Initiatives such as SWAMIH that help fund stalled affordable housing projects could further encourage affordable housing developers to expand the segment in 2023.

According to Pradeep Aggarwal, founder and chairman of Signature Global (India) Ltd, “Affordable housing finance will grow the fastest, with penetration mortgage expected to double to 8-10 per cent over the next few years,” says

Counter Points

  • However, the real estate segment is already witnessing a contraction; for example, the Delhi national capital region (NCR), a market infamous for chronic oversupply, witnessed restricted new supply, which played a significant role in lessening unsold inventory there. Since this cautious approach worked well in 2022, it is also expected to continue in 2023.
  • An imminent US recession in 2023, the glimpses of which we are seeing across the board, is also likely to impact housing demand in India at least marginally.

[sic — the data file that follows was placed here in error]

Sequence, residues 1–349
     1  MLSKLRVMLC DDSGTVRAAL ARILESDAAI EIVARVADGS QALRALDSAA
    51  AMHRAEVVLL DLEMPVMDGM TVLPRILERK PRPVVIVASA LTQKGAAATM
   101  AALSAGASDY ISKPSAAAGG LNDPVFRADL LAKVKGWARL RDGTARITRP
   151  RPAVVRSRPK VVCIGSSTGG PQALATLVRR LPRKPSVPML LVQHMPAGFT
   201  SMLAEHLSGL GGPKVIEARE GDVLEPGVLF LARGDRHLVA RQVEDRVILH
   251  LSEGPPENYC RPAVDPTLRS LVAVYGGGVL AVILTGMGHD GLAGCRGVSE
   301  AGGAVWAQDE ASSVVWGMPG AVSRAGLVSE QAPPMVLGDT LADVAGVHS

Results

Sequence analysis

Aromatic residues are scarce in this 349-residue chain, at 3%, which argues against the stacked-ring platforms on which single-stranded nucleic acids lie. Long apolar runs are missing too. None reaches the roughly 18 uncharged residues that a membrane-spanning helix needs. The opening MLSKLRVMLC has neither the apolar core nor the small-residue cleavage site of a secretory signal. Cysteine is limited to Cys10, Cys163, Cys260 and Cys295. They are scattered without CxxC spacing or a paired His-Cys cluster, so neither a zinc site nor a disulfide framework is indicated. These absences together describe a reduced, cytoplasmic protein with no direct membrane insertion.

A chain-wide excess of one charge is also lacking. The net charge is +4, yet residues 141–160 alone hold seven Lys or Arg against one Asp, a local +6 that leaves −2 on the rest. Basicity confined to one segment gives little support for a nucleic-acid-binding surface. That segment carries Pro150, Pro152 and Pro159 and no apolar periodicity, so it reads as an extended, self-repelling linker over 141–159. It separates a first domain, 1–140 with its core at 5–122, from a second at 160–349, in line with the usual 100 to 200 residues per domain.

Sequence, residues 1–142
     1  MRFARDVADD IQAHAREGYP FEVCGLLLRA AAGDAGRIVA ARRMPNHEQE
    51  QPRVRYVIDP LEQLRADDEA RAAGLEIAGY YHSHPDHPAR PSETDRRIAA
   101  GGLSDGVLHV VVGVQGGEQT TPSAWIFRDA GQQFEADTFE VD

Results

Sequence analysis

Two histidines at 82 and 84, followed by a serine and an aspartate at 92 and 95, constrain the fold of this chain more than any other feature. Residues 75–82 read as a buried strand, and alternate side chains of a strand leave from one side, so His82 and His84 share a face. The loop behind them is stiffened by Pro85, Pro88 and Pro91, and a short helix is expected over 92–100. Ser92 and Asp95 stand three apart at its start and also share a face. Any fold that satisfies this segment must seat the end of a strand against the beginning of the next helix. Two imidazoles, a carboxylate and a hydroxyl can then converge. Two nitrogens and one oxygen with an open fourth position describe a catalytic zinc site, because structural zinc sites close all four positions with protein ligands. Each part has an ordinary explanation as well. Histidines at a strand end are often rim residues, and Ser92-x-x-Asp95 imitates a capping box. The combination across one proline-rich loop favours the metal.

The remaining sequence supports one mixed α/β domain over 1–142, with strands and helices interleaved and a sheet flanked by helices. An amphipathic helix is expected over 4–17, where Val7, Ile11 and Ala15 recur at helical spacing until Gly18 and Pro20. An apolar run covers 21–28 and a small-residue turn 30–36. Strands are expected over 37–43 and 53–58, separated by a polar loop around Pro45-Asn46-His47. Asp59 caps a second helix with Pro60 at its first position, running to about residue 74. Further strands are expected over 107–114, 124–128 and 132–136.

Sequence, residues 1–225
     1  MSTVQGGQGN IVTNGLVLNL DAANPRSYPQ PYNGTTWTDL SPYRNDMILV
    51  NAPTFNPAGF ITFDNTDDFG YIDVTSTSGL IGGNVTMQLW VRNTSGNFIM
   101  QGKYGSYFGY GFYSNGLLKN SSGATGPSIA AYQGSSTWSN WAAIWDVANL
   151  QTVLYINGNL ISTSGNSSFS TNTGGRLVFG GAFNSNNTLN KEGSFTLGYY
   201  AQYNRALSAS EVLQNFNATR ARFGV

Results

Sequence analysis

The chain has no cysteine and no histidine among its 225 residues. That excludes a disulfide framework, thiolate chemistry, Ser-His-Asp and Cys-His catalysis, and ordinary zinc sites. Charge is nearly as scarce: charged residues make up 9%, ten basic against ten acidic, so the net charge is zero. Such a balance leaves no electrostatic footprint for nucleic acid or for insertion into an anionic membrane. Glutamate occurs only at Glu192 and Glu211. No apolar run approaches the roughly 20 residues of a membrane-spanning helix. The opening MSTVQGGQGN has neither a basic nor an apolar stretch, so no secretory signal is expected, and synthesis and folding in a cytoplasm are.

• Furthermore, reduced flows of IT/ITeS work outsourced to India and further layoffs in 2023 will also leave their mark on residential absorption in India Since IT employees contribute a sizeable chunk of the housing demand in India, we have already seen hawkish federal rates have had a visible impact on Indian stock markets.
  • Downsized stocks earnings suppress the appetite for discretionary spending and making long-term financial commitments, especially in the cost-intensive housing sector that stays afloat on home loans. Thus developers have already factored in this possibility, pushing them to hold an even tighter rein on new supply until more clarity emerges.
  • Ready-to-move-in housing is likely to continue to draw most of the demand in 2023, and the focus of buyers opting for new launches will not waiver from projects by leading and reputable players.

Xanadu Group, a realty tech business accelerator firm’s CEO, Vikas Chaturvedi, says that the industry must learn to provide more intelligent solutions that excite consumers.

“We believe that the current upward trend will continue in FY 2023 too,” he says.

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Outlook For Investment Banks

In 2023, investment banking businesses will likely face a unique set of challenges.